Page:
The Senior Citizens League’s calculations are based on an average retiree benefit of $1,790, which is slightly lower than the $1,837 monthly retirement benefit cited by the Social Security Administration. The variation is due to The Senior Citizens League’s inclusion of spousal and other dependent benefits, in addition to individual worker benefits, explains Mary Johnson, a Social Security and Medicare policy analyst at The Senior Citizens League.
Compared to the significant 8.7% increase beneficiaries experienced in 2023, the projected 3.2% COLA for 2024 may seem modest. However, it is worth noting that this estimate is higher than the average annual increase of 2.6% over the past two decades, as highlighted by Johnson.
Before Social Security beneficiaries make financial plans based on this estimated 3.2% boost for 2024, it’s important to consider a few key factors:
Official 2024 COLA Announcement Expected in October
The Senior Citizens League’s 3.2% COLA estimate relies on consumer price index data up to August. An official COLA for 2024 is anticipated to be announced by the Social Security Administration in October. This official calculation will be based on inflation data from July, August, and September, taken from the Consumer Price Index for Urban Wage Earners and Clerical Workers (CPI-W). If there is an increase, it will determine the size of the COLA. However, Mary Johnson advises that unexpected inflation fluctuations could still impact the official benefit adjustment for 2024. She estimates a 61% chance of the COLA remaining at 3.2%, with a 9% chance of it being higher and a 30% chance of it being lower.
Medicare Part B Premiums Play a Role
Medicare Part B premiums are typically deducted directly from Social Security payments, meaning their size affects how much beneficiaries see from the COLA increase. These premiums change annually, and the Medicare trustees project an average monthly premium of $174.80 in 2024, up from $164.90 in 2023. Various factors, including the introduction of new medications like the Alzheimer’s drug Leqembi, can impact these costs and the size of Part B premiums. The Senior Citizens League suggests that Leqembi may add an extra $5 per month to the average monthly Medicare Part B premium in the coming year. Medicare Part B premium rates for the following year are generally announced in November.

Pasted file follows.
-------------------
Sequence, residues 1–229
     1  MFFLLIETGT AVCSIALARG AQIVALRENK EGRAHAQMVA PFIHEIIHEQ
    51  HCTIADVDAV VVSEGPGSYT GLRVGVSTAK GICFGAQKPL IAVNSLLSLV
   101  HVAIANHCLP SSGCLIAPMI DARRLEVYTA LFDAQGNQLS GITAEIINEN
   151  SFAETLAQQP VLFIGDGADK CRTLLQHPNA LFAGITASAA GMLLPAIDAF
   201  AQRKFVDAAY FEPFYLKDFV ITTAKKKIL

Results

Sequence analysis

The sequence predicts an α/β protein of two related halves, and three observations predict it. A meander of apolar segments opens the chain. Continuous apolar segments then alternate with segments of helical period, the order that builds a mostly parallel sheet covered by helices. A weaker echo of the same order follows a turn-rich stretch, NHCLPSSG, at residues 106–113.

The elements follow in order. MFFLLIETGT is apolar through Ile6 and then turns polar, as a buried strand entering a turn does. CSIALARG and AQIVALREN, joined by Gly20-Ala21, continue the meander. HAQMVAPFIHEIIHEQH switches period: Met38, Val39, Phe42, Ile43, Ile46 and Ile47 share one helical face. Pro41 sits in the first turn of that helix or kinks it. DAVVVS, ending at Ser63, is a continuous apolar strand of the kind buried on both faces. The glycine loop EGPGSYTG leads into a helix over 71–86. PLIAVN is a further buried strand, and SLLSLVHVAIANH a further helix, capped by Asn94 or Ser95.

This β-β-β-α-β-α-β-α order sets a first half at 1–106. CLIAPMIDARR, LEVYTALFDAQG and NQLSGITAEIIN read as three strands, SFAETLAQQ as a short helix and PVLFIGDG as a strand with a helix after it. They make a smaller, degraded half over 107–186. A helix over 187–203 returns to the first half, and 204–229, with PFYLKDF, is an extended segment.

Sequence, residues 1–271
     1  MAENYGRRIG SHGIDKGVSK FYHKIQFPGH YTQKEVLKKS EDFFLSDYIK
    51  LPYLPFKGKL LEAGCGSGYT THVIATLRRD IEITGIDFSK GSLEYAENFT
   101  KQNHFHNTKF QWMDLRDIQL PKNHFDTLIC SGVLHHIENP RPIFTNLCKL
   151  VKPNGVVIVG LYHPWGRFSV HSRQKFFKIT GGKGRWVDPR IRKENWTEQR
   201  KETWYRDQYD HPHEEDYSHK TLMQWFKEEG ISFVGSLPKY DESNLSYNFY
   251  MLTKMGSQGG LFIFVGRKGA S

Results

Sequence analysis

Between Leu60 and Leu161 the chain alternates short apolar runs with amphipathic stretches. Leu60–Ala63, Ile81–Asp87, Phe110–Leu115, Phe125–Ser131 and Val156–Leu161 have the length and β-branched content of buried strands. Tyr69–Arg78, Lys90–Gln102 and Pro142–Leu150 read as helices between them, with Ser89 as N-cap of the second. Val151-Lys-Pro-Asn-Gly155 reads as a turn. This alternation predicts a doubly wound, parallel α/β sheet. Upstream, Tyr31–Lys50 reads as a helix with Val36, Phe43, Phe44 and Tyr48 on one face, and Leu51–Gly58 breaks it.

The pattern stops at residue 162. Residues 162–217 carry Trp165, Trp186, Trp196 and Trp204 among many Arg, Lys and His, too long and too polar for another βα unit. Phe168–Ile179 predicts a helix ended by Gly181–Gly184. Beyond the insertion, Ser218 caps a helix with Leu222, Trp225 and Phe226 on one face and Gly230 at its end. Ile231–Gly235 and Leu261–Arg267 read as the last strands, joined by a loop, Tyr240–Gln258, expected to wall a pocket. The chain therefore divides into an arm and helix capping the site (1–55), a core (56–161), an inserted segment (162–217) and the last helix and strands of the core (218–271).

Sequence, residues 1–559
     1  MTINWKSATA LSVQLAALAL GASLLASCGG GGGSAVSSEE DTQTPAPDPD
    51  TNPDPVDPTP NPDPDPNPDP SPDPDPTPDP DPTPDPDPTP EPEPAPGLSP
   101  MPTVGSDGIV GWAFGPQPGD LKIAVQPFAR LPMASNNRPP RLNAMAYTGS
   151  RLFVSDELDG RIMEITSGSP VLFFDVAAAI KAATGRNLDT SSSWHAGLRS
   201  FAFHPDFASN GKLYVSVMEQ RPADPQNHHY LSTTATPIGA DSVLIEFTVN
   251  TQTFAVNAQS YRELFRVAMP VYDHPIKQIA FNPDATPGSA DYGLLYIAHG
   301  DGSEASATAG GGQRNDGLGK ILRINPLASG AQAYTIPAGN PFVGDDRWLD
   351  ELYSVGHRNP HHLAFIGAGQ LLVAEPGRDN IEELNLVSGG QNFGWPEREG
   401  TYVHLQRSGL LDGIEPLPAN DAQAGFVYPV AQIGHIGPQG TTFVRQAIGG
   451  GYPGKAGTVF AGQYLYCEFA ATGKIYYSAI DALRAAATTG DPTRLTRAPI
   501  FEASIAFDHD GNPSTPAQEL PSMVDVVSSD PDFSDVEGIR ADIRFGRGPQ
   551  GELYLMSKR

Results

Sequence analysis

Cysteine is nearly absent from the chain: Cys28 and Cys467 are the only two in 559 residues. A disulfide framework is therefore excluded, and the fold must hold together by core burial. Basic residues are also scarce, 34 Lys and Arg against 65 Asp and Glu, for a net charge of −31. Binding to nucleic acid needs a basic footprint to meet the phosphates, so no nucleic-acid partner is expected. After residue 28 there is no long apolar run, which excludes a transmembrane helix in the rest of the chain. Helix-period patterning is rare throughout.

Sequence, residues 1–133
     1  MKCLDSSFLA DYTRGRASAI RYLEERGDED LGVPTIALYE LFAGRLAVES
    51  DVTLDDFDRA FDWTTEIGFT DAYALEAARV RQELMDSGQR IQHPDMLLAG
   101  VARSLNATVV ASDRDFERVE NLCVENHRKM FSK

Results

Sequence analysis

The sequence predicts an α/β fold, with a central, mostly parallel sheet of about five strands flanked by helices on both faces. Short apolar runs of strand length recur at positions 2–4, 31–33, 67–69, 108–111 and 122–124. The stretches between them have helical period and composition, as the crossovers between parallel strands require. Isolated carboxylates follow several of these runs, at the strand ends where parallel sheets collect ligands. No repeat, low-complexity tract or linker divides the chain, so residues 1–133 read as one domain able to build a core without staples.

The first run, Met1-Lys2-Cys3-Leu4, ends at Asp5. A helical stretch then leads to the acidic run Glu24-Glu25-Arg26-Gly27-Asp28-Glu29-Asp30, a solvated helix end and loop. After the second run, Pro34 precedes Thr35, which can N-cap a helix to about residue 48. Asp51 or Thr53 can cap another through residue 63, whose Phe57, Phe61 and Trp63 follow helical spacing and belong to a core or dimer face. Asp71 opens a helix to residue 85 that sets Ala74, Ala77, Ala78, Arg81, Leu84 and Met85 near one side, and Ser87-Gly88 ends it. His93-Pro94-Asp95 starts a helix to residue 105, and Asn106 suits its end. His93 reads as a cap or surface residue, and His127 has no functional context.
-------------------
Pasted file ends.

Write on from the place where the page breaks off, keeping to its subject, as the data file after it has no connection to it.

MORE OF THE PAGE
Claiming Social Security Benefits Strategically
If you’re considering claiming Social Security retirement benefits soon, it might be tempting to do so in 2023 to take advantage of the record 8.7% COLA increase. However, experts advise against this strategy. Bruce Tannahill, a director of estate and business planning at MassMutual, emphasizes that there’s no need to start benefits immediately to benefit from COLA adjustments. Social Security adjusts projected benefits to reflect cost-of-living increases that occur before retirement. Therefore, it’s wise to prioritize finding a claiming strategy that aligns with your circumstances and maximizes your monthly benefit income.
PEOPLE ALSO READ:
Trash to Cash: $600 Profits from Second-Hand Sofas – See How
Even as inflation rates have eased somewhat, current Social Security beneficiaries continue to grapple with rising costs, particularly in housing, food, and medical expenses, which account for roughly 80% of retiree spending, according to Johnson. As she notes, despite the 8.7% COLA, no one is getting rich, and financial challenges persist for many retirees.